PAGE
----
What Is the Bible’s View?
Is Cremation Proper for Christians?
WHAT is your reaction to the thought of having a deceased relative’s body cremated? Does cremation seem to you to be as suitable a way of disposing of the dead as burial? Or does cremation go against your sentiments? Does it seem improper or even unscriptural?
Your reaction may have been molded by the view prevailing where you live. In some lands cremation is quite common. For instance, in West Germany, England and Denmark over half of the dead are cremated, and in Japan it is almost universal. But in the United States only about 8 percent of the dead are cremated, and in other lands it is still more uncommon. Why such differences?
Unquestionably, local conditions bear on the customs regarding how the dead are disposed of. For example, in some areas the ground is frozen during much of the year and firewood is scarce. So it is customary for the dead to be ‘exposed’ to be consumed by birds or animals. In such lands only the middle and upper class persons are buried or cremated. In certain countries where land is scarce cremation is popular because it costs less than burial in a normal grave.
But religious beliefs also come into the picture regarding cremation. With their belief that a person has an immortal soul, some of the ancient Greeks and Romans viewed cremation as a fine means of rapidly releasing the soul from its dead body.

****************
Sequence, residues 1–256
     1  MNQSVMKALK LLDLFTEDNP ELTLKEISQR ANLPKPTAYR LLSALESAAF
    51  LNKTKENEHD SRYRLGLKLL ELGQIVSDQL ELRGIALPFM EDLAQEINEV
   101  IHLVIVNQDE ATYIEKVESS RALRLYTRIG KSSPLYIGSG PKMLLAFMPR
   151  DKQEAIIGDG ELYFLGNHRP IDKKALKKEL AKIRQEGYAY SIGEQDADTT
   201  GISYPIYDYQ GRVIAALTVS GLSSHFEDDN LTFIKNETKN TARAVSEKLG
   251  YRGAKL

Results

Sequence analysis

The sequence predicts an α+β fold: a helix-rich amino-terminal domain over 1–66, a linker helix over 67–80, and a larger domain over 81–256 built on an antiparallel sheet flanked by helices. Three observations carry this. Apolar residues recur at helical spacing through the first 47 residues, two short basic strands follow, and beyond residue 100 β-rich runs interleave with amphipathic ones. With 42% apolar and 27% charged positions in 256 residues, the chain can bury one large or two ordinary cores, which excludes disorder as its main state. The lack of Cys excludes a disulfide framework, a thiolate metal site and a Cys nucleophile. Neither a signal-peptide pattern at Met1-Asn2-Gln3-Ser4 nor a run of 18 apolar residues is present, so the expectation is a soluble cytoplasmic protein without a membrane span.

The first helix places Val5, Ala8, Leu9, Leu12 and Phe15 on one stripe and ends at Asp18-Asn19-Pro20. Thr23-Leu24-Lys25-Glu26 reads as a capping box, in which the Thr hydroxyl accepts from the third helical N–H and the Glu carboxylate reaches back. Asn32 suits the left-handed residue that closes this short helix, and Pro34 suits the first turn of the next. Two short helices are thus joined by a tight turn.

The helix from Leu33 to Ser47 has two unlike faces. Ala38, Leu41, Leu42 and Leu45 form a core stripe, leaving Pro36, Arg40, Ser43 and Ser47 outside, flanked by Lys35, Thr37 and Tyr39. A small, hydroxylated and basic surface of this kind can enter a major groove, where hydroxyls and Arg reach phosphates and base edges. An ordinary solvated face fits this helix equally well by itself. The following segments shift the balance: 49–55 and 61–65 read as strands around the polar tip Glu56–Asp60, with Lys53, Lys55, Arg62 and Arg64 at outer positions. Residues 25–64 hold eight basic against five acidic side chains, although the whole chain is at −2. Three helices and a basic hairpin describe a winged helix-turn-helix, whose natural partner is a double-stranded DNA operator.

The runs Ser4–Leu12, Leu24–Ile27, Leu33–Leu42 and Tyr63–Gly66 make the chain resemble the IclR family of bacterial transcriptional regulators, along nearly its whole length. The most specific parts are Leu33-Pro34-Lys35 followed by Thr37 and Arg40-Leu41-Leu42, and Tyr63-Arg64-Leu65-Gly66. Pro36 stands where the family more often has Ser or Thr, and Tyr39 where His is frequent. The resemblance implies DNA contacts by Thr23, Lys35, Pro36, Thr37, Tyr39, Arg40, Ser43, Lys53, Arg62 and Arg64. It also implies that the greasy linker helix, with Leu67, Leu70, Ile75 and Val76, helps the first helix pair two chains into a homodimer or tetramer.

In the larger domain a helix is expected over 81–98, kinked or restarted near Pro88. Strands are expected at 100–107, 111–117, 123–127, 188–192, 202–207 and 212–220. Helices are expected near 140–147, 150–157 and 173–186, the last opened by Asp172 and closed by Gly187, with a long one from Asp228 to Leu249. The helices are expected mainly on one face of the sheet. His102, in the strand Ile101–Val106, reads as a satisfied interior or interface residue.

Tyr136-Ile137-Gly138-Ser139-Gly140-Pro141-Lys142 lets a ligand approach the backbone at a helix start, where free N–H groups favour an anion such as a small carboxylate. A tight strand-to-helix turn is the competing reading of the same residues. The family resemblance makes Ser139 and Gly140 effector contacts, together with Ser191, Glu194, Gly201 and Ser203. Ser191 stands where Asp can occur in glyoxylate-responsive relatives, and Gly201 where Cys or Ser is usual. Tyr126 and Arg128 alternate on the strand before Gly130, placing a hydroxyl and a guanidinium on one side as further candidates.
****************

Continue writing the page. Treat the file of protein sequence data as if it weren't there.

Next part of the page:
On the other hand, the Encyclopædia Judaica reports: “Disposal of the dead body by burning is not a Jewish custom and inhumation [burial] is considered by traditional Jews to be obligatory.” Also, for centuries the Roman Catholic Church strongly opposed cremation. In the late nineteenth century Canon Law 1240 declared that Catholics who ordered their bodies cremated were to be deprived of ecclesiastical burial unless they repented before death. A papal decree in 1963 somewhat revised this position, but still it urged ‘abstaining from cremation unless compelled by necessity.’
What, then, is the proper view of cremation from the standpoint of God’s Word? Is it proper for a Christian to be cremated?
In Bible Times
During the Biblical period God’s servants customarily interred the body of a deceased person in a cave, tomb or grave. Abraham set an early example. Upon the death of his beloved wife Sarah he purchased a cave as a family burial site. (Gen. 23:2-20; 49:29-32) Abraham’s descendants, the Hebrews, attached considerable importance to the proper burial of a person. For someone to be deprived of burial was a severe calamity. (Jer. 14:16) Thus Jehovah’s repudiation of King Jehoiakim was expressed in the prophecy that the king would receive “the burial of a he-ass,” that is, his corpse being dragged outside the city and left unburied.—Jer. 22:18, 19; compare Jeremiah 25:32, 33; Isaiah 14:19, 20.
With this emphasis on proper burial, it would have been disgraceful for someone to be refused burial and the corpse just be burned up as trash. In connection with some crimes the Law required that the criminal be killed and his body burned. (Lev. 20:14; 21:9; Josh. 7:15, 25) Similarly, when Jesus was on earth the Valley of Hinnom south of Jerusalem’s wall was a garbage dump where fires were kept burning to destroy refuse. Some bodies of dead criminals viewed as unfit for a decent burial were cast there. Jesus used this as a symbol of complete destruction without hope of resurrection.—Mark 9:47, 48; Matt. 5:22.